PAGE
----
About Tobacco Control

Tobacco control is a public health priority because:

  • Tobacco kills nearly 6 million people each year and accounts for 1 in 10 of all deaths.
  • Included in this death toll are some 600,000 non-smokers who are exposed to second-hand smoke. In 2004, children accounted for 28% of these deaths.
  • More than 40% of all children have at least one parent who smokes and are regularly 
exposed to second-hand smoke at home.
  • There are more than 4,000 chemicals in tobacco smoke, of which at least 250 are known 
to be harmful, and more than 50 are known to cause cancer.
  • Without urgent action, deaths from tobacco could reach 8 million by 2030.
  • 63% of all deaths are caused by non-communicable diseases, for which tobacco use is 
one of the greatest risk factors.
  • Tobacco is a risk factor for 6 of the 8 leading causes of death worldwide. It is the single
  • most preventable cause of death in the world today.

  • 80% of tobacco deaths will occur in low- and middle-income countries. 

Where is tobacco use the biggest problem:

  • Globally there are around 1 billion smokers today.
  • 80% of smokers live in low- and middle-income countries.
  • 15 countries are home to approximately 2/3 of these smokers (in order by number of 
smokers): China, India, Indonesia, Russia, Bangladesh, Brazil, Mexico, Turkey, Pakistan, 
Egypt, Ukraine, Philippines, Thailand, Vietnam, Poland.
  • Consumption of tobacco is increasing globally, although it has decreased in high- and 
upper-middle-income countries.
  • Only half of the world’s population lives in a country offering protection through the 
key measures that significantly reduce tobacco use, such as ad bans. 


International Action for Tobacco Control 

  • The world’s first public health treaty, the WHO Framework Convention on Tobacco Control (FCTC), passed into law in February 2005.
  • 176 countries, representing 88% of the world’s population, are now parties to the treaty, who are legally obligated to pass, implement and enforce tobacco control legislation.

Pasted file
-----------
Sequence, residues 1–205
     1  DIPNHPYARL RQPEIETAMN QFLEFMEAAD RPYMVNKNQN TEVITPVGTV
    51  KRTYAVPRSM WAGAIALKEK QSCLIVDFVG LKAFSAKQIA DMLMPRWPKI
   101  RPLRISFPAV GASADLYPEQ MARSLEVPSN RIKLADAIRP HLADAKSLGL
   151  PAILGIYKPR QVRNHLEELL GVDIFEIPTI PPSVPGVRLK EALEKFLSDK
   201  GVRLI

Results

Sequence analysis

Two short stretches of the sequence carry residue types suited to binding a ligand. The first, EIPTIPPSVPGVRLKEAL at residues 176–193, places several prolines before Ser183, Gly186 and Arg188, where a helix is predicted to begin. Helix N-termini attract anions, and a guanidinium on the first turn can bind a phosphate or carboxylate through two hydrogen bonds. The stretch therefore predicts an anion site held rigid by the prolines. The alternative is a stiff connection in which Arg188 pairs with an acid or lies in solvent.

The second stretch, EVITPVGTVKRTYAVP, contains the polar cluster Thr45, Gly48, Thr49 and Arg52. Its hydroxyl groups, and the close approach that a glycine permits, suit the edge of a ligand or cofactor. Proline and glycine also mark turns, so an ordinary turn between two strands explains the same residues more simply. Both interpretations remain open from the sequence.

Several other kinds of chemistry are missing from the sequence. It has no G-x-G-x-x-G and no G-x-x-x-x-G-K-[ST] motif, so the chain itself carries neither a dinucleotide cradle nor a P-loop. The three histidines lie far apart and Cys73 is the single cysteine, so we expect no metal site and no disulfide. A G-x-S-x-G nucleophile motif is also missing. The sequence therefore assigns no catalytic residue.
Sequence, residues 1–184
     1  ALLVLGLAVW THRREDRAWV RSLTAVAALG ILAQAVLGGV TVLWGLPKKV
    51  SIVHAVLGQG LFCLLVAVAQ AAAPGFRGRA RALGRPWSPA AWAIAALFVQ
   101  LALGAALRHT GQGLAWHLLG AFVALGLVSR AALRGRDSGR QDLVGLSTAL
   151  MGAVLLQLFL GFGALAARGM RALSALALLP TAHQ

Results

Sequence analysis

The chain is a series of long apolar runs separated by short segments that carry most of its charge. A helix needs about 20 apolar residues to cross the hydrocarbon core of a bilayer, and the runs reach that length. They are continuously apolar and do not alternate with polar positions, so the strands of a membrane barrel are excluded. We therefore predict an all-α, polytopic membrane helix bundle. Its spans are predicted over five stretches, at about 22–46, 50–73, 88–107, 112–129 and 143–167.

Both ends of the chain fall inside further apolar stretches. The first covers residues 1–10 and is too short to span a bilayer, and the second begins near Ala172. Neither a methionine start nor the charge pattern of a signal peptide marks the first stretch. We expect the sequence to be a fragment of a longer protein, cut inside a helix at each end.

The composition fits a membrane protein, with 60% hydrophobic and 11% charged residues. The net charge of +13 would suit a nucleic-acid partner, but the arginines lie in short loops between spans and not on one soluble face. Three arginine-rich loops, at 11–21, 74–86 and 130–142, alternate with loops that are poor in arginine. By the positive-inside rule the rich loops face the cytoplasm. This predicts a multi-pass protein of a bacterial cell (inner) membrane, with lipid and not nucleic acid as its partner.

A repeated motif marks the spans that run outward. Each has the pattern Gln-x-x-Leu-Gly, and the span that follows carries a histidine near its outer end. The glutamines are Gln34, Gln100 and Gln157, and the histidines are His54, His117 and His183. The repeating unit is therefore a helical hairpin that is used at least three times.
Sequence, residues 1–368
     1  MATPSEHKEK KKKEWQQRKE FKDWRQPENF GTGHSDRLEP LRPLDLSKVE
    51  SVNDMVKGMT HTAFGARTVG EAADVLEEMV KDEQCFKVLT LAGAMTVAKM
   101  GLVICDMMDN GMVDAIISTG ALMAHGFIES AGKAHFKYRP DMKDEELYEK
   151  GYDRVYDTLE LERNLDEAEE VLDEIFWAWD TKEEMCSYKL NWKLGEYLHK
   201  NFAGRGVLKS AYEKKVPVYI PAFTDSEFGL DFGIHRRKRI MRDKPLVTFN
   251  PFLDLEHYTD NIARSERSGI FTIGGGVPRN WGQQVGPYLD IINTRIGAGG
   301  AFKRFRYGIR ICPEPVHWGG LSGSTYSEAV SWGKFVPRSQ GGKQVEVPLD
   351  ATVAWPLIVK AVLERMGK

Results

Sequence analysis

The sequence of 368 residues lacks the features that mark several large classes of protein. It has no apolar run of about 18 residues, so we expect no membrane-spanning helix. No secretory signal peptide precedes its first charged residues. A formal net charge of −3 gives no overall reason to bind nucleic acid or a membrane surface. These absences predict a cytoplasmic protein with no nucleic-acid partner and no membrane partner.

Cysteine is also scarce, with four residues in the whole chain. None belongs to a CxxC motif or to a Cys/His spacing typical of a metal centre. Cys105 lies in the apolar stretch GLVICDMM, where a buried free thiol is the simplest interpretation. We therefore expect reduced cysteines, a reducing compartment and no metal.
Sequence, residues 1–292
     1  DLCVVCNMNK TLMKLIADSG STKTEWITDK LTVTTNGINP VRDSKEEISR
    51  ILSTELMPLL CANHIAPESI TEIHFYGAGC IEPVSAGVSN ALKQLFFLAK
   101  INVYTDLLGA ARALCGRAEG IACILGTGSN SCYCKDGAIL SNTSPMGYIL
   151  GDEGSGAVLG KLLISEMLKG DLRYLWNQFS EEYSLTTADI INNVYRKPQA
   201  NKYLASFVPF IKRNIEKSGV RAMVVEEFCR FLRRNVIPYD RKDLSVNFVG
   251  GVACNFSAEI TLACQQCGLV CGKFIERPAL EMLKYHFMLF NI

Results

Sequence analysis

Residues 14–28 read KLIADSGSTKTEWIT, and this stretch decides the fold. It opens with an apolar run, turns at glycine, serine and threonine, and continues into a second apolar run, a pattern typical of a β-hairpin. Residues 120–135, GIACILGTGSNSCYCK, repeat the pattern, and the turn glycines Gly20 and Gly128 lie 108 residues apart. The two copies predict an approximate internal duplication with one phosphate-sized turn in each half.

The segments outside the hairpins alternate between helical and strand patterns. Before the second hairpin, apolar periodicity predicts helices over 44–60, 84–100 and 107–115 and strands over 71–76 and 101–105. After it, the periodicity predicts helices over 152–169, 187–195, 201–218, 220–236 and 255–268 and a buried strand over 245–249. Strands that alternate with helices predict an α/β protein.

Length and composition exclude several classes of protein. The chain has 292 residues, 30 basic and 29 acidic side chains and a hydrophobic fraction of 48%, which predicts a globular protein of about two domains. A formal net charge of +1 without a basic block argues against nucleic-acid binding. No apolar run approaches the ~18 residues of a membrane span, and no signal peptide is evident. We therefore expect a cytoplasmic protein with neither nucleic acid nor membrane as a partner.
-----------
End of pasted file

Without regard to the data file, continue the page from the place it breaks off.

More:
• The Bloomberg Initiative to Reduce Tobacco Use was launched in 2006 with a US$ 125 million gift from US philanthropist Michael Bloomberg to provide support for tobacco control efforts aimed at fulfilling the requirements of the FCTC. Additional gifts in 2008 and 2012 have brought this total to $595 million in funding.
  • The World Health Organization has developed the MPOWER package of measures that are aligned with FCTC requirements and are based on proven interventions: 

    • Monitor tobacco use and prevention policies
    • Protect people from tobacco use

    • Offer help to quit tobacco use

    • Warn about the dangers of tobacco 
    • Enforce bans on tobacco advertising, promotion and sponsorship 
    • Raise taxes on tobacco.

Progress:

  • 19 countries representing 425 million people have comprehensive TAPS bans. In 2008 only 80 million people were protected by such bans.
  • 101 countries have partial TAPS bans that cover national TV, radio and print.
  • 42 countries mandate pictorial health warnings.
  • 23 countries have implemented at least one strong anti-tobacco mass media campaign 
in the past two years.
  • The number of people protected from second-hand smoke has more than doubled in 
two years: from 354 million in 2008 to 739 million in 2010.
  • 59 countries are now monitoring tobacco use.
  • 27 countries have raised tobacco taxes to more than 75% of the retail price.

Challenges:

  • Around 38% of countries have minimal or no restrictions on tobacco advertising, promotion and sponsorship (TAPS).
  • The economic strength of the tobacco industry means that they can continue to block legislation through litigation.
  • 92 countries self-reported that they have adopted comprehensive bans on tobacco advertising promotion and sponsorship to the FCTC conference of parties. In reality, only 19 countries have fully comprehensive bans.
  • Only 19 countries meet the best practice for pictorial warnings on tobacco packages 
(local language and covers at least half of the front and back).
  • Less than 11% of the population is covered by comprehensive national smokefree 
laws.
  • 3 out of 4 smokers aware of the dangers of tobacco want to quit, but only 5% of the 
world’s population has access to comprehensive services to treat tobacco dependence.